What are Adversary Proceedings?
An adversary proceeding is a lawsuit filed within the context of an existing
bankruptcy case. An adversary proceeding may be filed by a creditor, a
bankruptcy trustee, or even the debtor. When a creditor files an adversary
proceeding, it is typically to challenge the debtor's right to a discharge.
This type of adversary proceeding begins when the creditor files a complaint
to determine dischargeability of the debt. There are two types of objections
that a creditor may lodge:
- "523 objection" is made where a creditor seeks to challenge the
dischargeability of only the debt owed to that particular creditor and
is commonly filed when the debt in question was for money, property, services,
or an extension, renewal, or refinancing of credit obtained by false pretenses,
a false representation, or actual fraud.
- "727 objection" is made when fraud is committed by the debtor
in connection with the bankruptcy case itself. If sustained, a 727 objection
prevents the debtor from obtaining a discharge of all debts.
In both Chapter 7 and Chapter 13 cases, a creditor who wishes to file an
adversary proceeding objecting to discharge must do so within 60 days
following the "341 meeting." In a Chapter 11 case, the adversary
proceeding must be filed no later than the first date set for the hearing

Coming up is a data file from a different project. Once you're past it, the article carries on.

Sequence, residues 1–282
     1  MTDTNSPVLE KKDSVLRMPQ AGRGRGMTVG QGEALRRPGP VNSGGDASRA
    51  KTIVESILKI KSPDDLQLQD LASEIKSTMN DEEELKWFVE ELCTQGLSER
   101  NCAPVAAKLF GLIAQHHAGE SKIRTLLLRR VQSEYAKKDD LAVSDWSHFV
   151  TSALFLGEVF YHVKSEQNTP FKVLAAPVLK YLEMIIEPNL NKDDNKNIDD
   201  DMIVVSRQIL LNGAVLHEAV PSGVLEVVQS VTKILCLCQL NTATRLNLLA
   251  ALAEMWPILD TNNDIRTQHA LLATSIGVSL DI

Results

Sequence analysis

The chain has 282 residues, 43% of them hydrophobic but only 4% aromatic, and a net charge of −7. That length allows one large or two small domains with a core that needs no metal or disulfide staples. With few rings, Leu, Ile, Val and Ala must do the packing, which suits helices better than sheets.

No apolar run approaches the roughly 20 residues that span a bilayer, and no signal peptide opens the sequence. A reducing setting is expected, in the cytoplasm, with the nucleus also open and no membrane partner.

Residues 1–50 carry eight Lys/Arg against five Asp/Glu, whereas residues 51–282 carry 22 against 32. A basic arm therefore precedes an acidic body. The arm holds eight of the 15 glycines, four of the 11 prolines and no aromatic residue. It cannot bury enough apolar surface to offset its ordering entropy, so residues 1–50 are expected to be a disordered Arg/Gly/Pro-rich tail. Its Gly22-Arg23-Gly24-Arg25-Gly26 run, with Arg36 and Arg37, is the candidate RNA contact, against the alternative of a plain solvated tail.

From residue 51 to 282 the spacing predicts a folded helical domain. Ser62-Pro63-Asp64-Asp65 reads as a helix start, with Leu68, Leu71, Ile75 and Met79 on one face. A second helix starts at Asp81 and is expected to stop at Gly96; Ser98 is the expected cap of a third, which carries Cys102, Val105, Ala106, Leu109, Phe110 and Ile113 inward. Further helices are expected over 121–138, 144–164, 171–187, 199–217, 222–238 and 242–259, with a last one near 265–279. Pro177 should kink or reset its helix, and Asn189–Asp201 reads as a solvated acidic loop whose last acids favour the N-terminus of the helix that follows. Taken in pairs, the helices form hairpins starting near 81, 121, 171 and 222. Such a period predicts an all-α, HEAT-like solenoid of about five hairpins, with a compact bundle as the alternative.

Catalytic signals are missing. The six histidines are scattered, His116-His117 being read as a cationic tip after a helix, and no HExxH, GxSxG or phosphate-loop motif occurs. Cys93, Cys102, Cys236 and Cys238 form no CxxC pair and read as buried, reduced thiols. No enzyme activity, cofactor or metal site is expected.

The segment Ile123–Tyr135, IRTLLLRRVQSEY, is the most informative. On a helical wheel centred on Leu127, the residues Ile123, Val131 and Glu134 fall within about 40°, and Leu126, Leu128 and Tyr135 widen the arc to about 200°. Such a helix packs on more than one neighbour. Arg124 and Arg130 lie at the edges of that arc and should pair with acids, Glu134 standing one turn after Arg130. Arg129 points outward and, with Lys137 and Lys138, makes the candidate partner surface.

on confirmation. Notwithstanding the foregoing deadlines, a motion to
extend the time for filing an objection to discharge may nevertheless
be filed by a creditor with the Court. A creditor will often seek such
an extension where it is necessary and advisable to have counsel conduct
a so-called "2004 Examination" prior to filing the adversary
proceeding. Rule 2004 of the Federal Rules of Bankruptcy Procedure allows
any "interested person" to require the debtor or third parties
to testify and produce documents on matters related to the debtor's
bankruptcy case. A 2004 examination is tantamount to a deposition wherein
the primary goal is to uncover facts that bolster the creditor's objection
to discharge if an adversary proceeding is filed.
Should I file an adversary proceeding?
Whether or not to file an adversary proceeding almost invariably will boil
down to the financial interests at stake for the creditor. If the contract
underlying the debt in question contained a provision for attorney's
fees and costs, the creditor may seek recovery of said fees in costs in
the event that the creditor prevails in the adversary proceeding. If the
case for nondischargeability is strong, however, the action may never
get to trial as the debtor may be overwhelmed into throwing in the proverbial
towel early on in the process.
D. Baker Law Group, P.C. files adversary proceedings for creditors in both
the United States Bankruptcy Court-District of Massachusetts and the United
States Bankruptcy Court-District of Rhode Island. Our office thoroughly
evaluates every potential adversary proceeding and candidly advises the
client as to the reasonable likelihood of success in the underlying action
and the long-term collectability of the debt in question.
David M. Baker, Esq.-
your Massachusetts and Rhode Island Creditors' Rights Law Attorney!
schedule your case evaluation? Simply
call our firm today.